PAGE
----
On February 2, Modern Home Tours returns to Austin to explore more than 15 stunning examples of modern architecture from some of the area’s most renowned modern architects. To get you as excited as we are, we took a sneak peek at 1844 Logans Hollow Dr., one of the stops along the Austin tour. We then spoke with architect and builder Erik Gonzalez of Sago International about his 4200 sq. ft. home that sits on an incredible 1.9 acre property.
In addition to having designed this house, your family lives in it! You’ve said that the house was designed around the idea of creating a space where you’d be surrounded and stimulated by nature. How did you accomplish this design goal?
The site is very private, and its natural setting was the basis for the design. Ever since I purchased the lot, I had a vision of my kids running around throughout the property, climbing on trees, exploring nature, and being completely integrated to the outside. I am very satisfied that this vision has become a reality.
The house is surrounded by beautiful trees, giving it a sense of permanence, as well as a sense of protection. The trees actually gave the house its shape. The boxy volumes are composed like a Lego around the existing trees, with its branches dictating void spaces in the spatial context. Additionally, the placement of the house at the highest point of the hilltop property results in expansive views of the surrounding hills, of incredible sunsets, and of the huge Texas sky. The use of expansive glass walls throughout the house exposes one to experience nature without filters. Seeing storms come in is awesome. Watching deer and foxes stop and look at us inside the house stimulates dialogue of nature in our lives.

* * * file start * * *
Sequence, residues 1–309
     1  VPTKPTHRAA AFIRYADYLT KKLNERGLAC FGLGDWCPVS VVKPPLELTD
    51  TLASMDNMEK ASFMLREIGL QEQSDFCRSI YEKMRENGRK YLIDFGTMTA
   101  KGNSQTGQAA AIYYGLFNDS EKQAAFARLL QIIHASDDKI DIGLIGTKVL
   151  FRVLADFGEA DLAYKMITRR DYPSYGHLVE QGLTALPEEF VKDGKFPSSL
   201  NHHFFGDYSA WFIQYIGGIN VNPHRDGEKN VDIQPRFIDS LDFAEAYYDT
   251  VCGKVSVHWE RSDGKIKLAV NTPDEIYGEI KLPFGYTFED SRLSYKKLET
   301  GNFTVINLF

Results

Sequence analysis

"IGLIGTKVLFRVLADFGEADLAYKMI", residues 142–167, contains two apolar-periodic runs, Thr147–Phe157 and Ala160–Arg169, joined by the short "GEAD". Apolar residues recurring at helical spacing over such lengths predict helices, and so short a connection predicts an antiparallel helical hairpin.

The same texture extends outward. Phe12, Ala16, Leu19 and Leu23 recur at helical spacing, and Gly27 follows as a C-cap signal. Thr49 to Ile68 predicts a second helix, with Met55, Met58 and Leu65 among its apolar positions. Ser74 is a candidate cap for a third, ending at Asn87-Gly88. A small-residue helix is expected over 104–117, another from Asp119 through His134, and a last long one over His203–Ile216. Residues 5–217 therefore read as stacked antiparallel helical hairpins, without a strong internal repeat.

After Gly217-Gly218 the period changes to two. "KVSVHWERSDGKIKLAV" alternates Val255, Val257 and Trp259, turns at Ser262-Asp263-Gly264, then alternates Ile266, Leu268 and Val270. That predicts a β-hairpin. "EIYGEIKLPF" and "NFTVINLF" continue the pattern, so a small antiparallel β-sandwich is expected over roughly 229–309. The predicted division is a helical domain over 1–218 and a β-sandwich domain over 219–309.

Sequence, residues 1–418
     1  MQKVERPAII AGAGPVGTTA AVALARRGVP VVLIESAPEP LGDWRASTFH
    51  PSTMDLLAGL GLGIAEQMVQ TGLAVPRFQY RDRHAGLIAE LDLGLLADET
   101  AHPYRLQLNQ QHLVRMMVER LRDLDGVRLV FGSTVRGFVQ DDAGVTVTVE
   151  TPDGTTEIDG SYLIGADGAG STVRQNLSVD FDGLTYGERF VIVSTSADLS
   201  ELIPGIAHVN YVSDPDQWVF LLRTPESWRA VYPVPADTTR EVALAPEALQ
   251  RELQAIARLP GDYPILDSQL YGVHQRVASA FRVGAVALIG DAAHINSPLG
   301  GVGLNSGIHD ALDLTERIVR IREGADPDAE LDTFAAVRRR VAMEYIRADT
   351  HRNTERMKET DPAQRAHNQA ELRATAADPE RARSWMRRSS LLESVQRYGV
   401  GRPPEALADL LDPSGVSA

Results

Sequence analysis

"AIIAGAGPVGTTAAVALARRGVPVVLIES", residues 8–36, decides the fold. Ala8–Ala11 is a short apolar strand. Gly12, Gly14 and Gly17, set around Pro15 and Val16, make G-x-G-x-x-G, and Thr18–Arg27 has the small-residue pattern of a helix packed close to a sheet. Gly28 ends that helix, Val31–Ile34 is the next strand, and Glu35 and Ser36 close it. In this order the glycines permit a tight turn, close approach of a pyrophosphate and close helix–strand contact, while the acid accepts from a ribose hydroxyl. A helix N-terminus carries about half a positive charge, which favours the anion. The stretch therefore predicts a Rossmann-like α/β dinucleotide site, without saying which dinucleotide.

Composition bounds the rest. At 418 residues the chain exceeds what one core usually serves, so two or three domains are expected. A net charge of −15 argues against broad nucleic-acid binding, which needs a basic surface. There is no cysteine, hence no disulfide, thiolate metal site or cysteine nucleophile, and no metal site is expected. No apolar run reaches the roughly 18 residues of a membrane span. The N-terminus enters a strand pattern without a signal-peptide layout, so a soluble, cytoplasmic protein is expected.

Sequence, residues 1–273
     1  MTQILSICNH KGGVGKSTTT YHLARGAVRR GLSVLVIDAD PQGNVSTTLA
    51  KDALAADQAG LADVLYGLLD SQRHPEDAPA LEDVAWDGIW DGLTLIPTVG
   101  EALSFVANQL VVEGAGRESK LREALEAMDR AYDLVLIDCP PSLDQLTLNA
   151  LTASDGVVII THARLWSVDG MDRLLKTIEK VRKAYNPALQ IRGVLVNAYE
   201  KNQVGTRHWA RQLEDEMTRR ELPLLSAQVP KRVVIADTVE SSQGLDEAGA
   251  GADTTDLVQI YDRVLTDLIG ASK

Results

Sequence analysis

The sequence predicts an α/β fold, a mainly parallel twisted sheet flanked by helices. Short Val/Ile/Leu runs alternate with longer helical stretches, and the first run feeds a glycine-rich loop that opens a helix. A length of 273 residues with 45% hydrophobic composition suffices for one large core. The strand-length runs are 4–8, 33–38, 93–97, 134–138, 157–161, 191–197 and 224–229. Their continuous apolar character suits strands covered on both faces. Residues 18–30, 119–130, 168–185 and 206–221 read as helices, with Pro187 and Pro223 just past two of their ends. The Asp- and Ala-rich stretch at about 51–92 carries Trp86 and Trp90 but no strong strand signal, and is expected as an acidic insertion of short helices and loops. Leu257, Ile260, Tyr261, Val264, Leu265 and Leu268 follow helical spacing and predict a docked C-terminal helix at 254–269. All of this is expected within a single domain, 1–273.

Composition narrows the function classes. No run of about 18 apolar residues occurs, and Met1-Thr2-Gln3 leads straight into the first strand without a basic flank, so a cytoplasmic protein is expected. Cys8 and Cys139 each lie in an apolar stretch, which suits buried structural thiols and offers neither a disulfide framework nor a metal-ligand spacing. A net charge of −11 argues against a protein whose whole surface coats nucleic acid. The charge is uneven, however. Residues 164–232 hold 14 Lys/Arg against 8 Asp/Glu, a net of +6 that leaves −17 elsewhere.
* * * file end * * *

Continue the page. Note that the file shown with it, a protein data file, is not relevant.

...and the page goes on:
What words would you use to describe the feel of the home?
Open, honest, simple, Zen, unpretentious
The house sits on a 1.9 acre lot, and it has a beautiful main entrance. Can you describe the main entrance and the feel you try to evoke for people when they enter the home?
There is a cluster of oaks at the top of the property that I knew needed to be an important part of the experience of accessing the house. So from the car plaza at the end of the driveway, there are stairs that take one around the oak cluster, to the front door. This trajectory has as its backdrop a breathtaking view of the valley.
The pivot hinged front door is a completely transparent 6’ wide by 10’+ tall glass panel. It does not fulfill the roll of the typical home’s front door in the sense that it does not provide privacy. This was done on purpose. Whoever reaches it is someone who is welcome to our home. Needless to say, it does provide protection (unless you throw a brick through it). The reaction the front door has evoked in guests has been “Wow.”
You’ve said that “light” is the main protagonist of the project. Can you explain that further?
In architecture, natural light is the most important element. I strived to capture this valuable light inside every space. By using expansive glass surfaces that extend the whole width of rooms, this light transmission is maximized. But I was conscious of the sun’s orientation during the various seasons. For this reason, I utilized various shading techniques, including eaves, cantilevers, and even existing trees. The results are spaces that rarely need artificial lighting. In the morning, the light filters through tree branches and leaves into the spaces. Their shadows dance as wind moves them, stimulating one’s beginning of the day. In the evenings, the sunsets wash the white walls with their vibrant colors. It is like an exclamation point to the end of our day. Even in the middle of the night, under the light of the moon, the spaces are illuminated.
You call the home “Quinta Azul”? How did you come up with that name for the property?
In Spanish, my native language, ‘quinta’ means house surrounded by gardens. My youngest daughter is named Azul. She was the inspiration for my wife Ivana and I for our house and the meaning of the whole thing in the context of our family. So we named our home “Quinta Azul.”
What features of the home should our tour-goers be sure to keep an eye out for?
The 15 foot cantilevered volume off of the 2nd floor, housing the kids’ bedroom. Make note of the hints of the exposed structural steel throughout the house. See the rough stone hardscaping, and how it contrasts with the clean lines of the building. See my own designed custom window system. See the bathrooms. See the 14’+ kitchen island. Enjoy the views. Oh, and make sure to see the front door.